Businesses are getting plenty of advice this week as the
working year starts. Business editor Dene Mackenzie looks at
some of the advice on offer.
This year, New Zealand is expected to have the ''rock star
economy'' of the world with growth set to top the OECD. All
sorts of agencies are providing some how-to advice so
businesses can take full advantage of any growth.
Randstad New Zealand director Paul Robinson said while
steady, sustainable growth might be the main resolution for
many businesses this year, achieving a new year's resolution
required consistent focus.
Challenging business conditions in a stagnating economy had
seen many organisations looking to solidify their market
position in the last 12 months, rather than looking forward
to the next stage of growth.
''It's clear businesses won't stay in this holding pattern
for long, especially with the surging economies of
neighbouring countries creating more competition for
business. This will see an added fight for customer loyalty,
market share, and perhaps the greatest battleground with the
fight for talent.''
Ensuring a 2014 workforce was made up of the best and
brightest talent who were happy, engaged and motivated to
perform, businesses needed to invest in their staff, make
them feel valued and proud to work for the business.
Businesses also needed to find ways to stand out from the
competition, Mr Robinson said.
MYOB chief executive Tim Reed said January was the ideal time
to reflect and tackle
new strategies and goals instead of taking a ''business as
Operators who committed to clarifying their priorities early
would likely reap the rewards. It could mean the difference
between flourishing and floundering.
''Set some specific and inspiring goals around key areas of
your business you wish to develop. Begin by asking yourself
what you will stop doing as well as start doing in 2014.''
However, it may not be all plain sailing for employers,
judging by the Hudson Report, which monitors employment
trends. The report showed hiring expectations dipped slightly
in the three months ended December. Hiring intentions were
down 2.9% from the September quarter's five-year high.
The drop came despite New Zealand's economic indicators
showing organisations were well positioned for 2014 as a
result of strengthening business confidence and solid
economic expansion, Roman Rogers, executive general manager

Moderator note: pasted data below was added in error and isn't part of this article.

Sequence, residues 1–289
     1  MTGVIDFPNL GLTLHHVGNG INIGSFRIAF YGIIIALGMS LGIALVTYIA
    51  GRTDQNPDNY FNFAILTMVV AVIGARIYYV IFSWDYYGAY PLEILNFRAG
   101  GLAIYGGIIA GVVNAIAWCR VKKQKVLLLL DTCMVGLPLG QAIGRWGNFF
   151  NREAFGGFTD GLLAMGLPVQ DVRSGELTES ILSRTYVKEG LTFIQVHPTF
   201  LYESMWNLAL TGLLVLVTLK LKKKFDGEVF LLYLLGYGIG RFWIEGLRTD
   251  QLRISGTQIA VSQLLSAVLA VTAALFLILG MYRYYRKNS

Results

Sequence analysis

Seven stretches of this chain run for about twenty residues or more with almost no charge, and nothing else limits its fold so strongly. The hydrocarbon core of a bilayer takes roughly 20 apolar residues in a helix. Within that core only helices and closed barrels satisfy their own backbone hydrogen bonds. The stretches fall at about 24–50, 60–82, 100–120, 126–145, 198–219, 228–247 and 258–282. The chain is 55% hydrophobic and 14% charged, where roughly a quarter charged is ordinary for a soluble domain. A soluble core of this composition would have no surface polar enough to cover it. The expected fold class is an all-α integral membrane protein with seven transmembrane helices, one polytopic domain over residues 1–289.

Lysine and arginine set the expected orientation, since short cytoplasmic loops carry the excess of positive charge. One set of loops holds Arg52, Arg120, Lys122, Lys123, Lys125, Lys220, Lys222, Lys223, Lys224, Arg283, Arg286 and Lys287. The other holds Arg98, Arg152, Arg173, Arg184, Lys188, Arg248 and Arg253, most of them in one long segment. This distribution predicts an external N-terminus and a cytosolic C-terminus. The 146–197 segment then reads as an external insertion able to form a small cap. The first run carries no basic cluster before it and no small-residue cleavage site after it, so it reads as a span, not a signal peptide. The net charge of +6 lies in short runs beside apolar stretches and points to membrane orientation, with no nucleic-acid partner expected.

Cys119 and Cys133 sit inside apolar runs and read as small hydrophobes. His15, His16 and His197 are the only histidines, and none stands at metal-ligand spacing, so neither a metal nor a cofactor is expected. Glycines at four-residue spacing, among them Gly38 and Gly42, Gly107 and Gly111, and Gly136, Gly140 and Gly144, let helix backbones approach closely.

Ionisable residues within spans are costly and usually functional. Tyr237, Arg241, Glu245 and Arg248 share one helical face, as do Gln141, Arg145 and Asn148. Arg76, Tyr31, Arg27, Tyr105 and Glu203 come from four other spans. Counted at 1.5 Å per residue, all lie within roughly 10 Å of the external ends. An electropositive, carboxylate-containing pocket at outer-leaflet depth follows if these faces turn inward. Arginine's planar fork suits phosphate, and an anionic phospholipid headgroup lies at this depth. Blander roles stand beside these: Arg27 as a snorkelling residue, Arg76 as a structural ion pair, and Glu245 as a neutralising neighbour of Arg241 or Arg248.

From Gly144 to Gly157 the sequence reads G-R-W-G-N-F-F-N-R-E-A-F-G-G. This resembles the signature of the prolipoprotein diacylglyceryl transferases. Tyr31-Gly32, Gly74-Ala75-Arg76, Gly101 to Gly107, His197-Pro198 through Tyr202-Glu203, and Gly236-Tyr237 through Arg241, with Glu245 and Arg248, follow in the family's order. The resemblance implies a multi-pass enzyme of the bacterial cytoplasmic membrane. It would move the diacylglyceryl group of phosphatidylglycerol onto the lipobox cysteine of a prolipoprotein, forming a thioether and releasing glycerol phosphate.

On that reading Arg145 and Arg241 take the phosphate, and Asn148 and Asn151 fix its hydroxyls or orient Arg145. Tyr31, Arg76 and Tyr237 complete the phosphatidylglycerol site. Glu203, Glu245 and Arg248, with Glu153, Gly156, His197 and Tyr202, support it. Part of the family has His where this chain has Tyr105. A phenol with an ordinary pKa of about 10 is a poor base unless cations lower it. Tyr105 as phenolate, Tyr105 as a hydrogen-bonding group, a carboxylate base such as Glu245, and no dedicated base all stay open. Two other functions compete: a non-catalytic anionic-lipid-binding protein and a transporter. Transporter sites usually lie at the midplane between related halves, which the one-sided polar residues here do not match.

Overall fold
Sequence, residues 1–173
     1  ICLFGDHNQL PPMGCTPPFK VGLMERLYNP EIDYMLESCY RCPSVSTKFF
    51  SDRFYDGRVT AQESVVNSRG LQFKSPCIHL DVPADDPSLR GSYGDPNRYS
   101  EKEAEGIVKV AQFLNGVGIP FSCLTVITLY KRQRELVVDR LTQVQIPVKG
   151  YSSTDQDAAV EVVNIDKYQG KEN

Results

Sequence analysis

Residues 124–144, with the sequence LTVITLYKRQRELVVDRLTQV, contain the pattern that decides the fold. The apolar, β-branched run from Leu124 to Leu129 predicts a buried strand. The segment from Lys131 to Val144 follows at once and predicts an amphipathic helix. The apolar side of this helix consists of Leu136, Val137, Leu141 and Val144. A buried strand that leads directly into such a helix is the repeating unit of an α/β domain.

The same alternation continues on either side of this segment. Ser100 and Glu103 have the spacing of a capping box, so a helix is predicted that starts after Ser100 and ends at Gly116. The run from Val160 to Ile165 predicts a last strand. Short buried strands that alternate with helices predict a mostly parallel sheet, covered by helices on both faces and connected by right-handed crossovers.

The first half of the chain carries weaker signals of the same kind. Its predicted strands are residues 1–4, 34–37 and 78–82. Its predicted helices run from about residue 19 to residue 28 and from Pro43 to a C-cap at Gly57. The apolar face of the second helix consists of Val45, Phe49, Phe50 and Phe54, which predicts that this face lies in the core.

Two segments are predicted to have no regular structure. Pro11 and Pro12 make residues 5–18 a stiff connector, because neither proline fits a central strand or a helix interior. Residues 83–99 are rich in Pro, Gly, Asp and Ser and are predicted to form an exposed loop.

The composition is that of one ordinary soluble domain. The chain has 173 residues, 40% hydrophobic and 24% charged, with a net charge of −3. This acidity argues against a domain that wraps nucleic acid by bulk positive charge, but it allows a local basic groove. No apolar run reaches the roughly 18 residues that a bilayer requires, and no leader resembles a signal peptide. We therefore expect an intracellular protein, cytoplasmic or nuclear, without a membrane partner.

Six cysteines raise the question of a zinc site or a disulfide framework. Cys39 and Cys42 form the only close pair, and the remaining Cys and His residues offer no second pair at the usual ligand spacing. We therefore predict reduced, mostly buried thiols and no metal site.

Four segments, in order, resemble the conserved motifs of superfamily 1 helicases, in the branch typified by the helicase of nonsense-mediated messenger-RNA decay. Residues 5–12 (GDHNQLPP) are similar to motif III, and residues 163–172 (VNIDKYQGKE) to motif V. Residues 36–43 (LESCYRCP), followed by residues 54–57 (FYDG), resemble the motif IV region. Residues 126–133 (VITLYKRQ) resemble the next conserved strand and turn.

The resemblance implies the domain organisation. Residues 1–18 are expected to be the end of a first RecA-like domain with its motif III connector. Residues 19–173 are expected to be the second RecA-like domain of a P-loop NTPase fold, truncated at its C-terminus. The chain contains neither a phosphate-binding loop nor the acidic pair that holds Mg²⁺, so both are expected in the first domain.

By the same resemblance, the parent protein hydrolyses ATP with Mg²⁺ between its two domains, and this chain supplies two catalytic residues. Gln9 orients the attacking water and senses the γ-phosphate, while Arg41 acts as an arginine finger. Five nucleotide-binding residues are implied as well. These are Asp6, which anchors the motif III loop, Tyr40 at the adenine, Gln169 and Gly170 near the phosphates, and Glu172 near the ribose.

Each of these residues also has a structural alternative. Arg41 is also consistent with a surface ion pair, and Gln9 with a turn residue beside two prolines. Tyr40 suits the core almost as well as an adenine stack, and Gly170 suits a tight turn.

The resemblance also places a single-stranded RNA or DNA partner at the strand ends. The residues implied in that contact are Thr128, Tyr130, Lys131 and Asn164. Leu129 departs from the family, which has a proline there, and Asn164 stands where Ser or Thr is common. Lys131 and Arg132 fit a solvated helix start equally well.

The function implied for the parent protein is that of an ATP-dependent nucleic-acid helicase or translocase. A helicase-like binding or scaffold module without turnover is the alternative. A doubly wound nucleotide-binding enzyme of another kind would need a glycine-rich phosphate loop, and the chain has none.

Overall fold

of Hudson New Zealand, said.
Nearly two-thirds of the more than 1000 employers surveyed
said they intended to keep staffing levels steady this
''Although indicators suggest another year of continued
economic growth, employers are cautious and remain hesitant
to commit to a new head count, particularly with the eye to
the performance of the Australian economy.
''The employment market remains tight, so employers' ability
to find the people and skill sets they need to take advantage
of the more confident economic conditions will be critical to
getting ahead in the next 12 months,'' he said.
The labour marker was still subject to fluctuations in
demand, so the challenge for employers in 2014 would be to
navigate the change from a pure focus on productivity to
pursuing new growth opportunities and making the decision to
take on new staff.
Hiring intentions in the South Island remained the strongest
across the regions with 49% of employers intending to
increase staff numbers, largely driven by Canterbury, Mr
Resolutions for 2014
1) Keep focus on your employer brand. Business leaders
will need to look at how to attract the best people while
also holding on to their stars.
2) Place workforce considerations at the top of
business conversations. Every business leader will be looking
at how to manage their existing workforce and maximise
resources while positioning for growth. The aim is to ensure
the business has the right people and human capital plans in
place to achieve your goals.
3) Ensure your organisation is inclusive. Ensuring
your business is set to cater to a multidimensional workforce
will be key to any ongoing success. Diversity is not limited
to the talent you hire, it extends to the ways in which
employees want to work.
1) Learn from last year's hits and misses. What
changes can you make to ensure mistakes are not repeated and
opportunities are not missed.
2) Stay on the business track. A solid business plan
will help you make better business decisions about the
strategies needed to continue to operate and grow.
3) Do not try to be all things to all people. Wearing
multiple hats can be exhausting. Outsource tasks you loathe
so you can spend more time growing the business.
4) Grow to love your numbers. Learn about profit and
loss statements, balance sheets and cash-flow statements and
do not shy away from the numbers.
5) Do not be afraid to embrace technology. Cloud-based
accounting software, convenient mobile apps, online business
management tools - today's business tools - can save time and